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How Many Days of Pedometer Monitoring Predict Monthly Ambulatory Activity in Adults?


Medicine & Science in Sports & Exercise: September 2008 - Volume 40 - Issue 9 - p 1589-1595
doi: 10.1249/MSS.0b013e318177eb96
BASIC SCIENCES: Epidemiology

Purpose: To determine how many days of pedometer monitoring are necessary to estimate monthly ambulatory activity in adults.

Methods: Two hundred and twelve adults (64% female; age = 38.3 ± 13.3yr; body mass index = 27.9 ± 5.3 kg·m−2) wore a pedometer (SW-200) for 28 consecutive days. About 76.4% were randomly allocated to a reliability group, whereas the remainder (n = 50) comprised a confirmation group. Mean step counts calculated over the 28-d period served as the criterion. Using the reliability group, intraclass correlations (ICC) were computed for the entire 4-wk period, for 3, 2, and 1 wk, and for different combinations of any 6, 5, 4, 3, and 2 d. The reliability of the recommended time frame was tested in the confirmation group using regression analysis.

Results: In the reliability group, the ICC for any single given day was 0.41. All combinations including 6 d or more had ICC above 0.80. The inclusion of participant characteristics into a regression, alongside mean steps reported during 1 wk of monitoring, failed to strengthen the prediction. When tested in the confirmation group, there was a significant relationship between mean step counts calculated from the first week of monitoring and the criterion (adjusted R 2 = 0.91, P< 0.001).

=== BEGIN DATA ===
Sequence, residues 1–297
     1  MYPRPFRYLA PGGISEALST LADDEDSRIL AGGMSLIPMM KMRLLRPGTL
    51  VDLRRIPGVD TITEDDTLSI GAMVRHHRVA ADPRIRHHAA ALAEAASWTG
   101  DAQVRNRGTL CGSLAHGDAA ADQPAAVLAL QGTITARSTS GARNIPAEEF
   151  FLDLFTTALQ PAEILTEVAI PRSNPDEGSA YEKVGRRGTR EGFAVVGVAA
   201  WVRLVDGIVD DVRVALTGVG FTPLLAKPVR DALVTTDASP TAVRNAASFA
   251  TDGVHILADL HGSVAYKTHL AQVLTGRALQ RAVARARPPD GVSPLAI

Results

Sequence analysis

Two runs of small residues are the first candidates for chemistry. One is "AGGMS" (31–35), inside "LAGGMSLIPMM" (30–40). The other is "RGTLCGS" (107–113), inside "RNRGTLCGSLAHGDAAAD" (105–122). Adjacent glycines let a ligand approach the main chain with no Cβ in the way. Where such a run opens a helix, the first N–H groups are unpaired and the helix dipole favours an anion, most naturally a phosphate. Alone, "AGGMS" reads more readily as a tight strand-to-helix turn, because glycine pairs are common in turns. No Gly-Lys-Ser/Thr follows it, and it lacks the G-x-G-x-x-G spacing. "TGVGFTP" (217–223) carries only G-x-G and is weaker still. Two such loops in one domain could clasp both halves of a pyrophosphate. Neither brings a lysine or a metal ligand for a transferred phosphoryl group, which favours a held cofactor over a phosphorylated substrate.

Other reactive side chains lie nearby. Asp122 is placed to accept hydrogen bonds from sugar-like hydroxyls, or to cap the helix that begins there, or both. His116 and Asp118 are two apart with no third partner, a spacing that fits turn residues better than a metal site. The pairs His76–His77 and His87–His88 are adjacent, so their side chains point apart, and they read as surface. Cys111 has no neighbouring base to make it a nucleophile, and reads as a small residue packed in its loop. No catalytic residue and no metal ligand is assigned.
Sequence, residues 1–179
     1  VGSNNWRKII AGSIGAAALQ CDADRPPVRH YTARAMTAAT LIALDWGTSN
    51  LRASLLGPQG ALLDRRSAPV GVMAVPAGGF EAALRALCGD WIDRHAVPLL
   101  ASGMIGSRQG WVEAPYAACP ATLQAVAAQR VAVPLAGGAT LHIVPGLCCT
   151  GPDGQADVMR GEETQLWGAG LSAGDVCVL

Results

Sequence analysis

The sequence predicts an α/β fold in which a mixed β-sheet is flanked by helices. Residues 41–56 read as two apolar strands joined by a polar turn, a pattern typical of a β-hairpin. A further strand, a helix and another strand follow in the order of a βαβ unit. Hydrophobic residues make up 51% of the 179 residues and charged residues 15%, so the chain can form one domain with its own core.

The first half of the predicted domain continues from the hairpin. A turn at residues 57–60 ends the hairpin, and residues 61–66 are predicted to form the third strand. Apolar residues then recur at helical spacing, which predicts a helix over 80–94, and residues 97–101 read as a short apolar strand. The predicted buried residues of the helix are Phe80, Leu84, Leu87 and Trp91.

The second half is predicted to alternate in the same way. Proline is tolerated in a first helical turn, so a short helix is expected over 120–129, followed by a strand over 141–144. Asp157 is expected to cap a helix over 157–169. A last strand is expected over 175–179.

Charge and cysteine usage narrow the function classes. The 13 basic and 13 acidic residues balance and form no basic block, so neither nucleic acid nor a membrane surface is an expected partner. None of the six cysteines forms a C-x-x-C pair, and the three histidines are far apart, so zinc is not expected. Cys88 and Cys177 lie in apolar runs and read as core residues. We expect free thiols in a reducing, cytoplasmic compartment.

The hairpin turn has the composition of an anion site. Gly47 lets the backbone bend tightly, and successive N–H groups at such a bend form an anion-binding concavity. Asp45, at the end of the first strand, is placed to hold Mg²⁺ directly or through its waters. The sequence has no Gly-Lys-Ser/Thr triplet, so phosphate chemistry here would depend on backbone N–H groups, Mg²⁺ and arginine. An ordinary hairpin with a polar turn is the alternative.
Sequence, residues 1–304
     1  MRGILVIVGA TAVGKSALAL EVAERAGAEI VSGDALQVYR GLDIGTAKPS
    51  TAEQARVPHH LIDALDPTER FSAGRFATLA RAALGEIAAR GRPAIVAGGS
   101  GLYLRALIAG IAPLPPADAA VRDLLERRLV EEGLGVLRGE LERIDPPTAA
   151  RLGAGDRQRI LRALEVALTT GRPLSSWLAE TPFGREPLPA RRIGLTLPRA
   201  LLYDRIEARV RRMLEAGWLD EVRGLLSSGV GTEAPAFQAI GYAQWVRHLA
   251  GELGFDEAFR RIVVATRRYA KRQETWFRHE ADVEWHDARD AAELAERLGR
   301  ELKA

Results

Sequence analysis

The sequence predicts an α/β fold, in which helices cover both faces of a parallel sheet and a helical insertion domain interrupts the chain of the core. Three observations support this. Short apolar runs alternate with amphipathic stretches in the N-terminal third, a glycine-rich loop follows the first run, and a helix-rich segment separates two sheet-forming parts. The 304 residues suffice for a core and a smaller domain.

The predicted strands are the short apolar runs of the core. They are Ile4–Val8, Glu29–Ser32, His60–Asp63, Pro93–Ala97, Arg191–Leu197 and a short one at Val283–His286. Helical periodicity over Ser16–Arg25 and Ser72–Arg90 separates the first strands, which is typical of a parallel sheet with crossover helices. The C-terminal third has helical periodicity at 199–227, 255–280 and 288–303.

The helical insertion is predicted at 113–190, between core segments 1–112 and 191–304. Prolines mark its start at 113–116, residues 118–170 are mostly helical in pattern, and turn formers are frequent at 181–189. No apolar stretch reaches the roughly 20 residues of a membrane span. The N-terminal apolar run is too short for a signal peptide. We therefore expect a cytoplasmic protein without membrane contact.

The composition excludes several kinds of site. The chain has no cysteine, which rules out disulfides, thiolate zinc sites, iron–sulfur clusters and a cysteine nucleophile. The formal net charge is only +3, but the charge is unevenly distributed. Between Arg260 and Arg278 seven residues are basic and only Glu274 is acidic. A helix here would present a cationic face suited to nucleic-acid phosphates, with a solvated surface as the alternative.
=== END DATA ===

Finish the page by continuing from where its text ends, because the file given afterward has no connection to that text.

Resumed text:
Conclusion: It is recommended that researchers collect pedometer data over a 7-d period for a reliable estimate of monthly activity in adults. A 7-d period is recommended, as opposed to 6 d (where ICC > 0.80) because: 1) step counts are characteristically lower on a Sunday; thus, for a reliable estimate of habitual activity, Sunday activity should always be included; and 2)in the event of missing data (1 d), data collected on 6 d will remain sufficiently reliable to estimate mean monthly activity.

Department of Human Sciences, Loughborough University, Leicestershire, UNITED KINGDOM

Address for correspondence: Stacy A. Clemes, Ph.D., Department of HumanSciences, Loughborough University, Leicestershire, LE11 3TU, UK; E-mail:

Submitted for publication January 2008.

Accepted for publication March 2008.

©2008The American College of Sports Medicine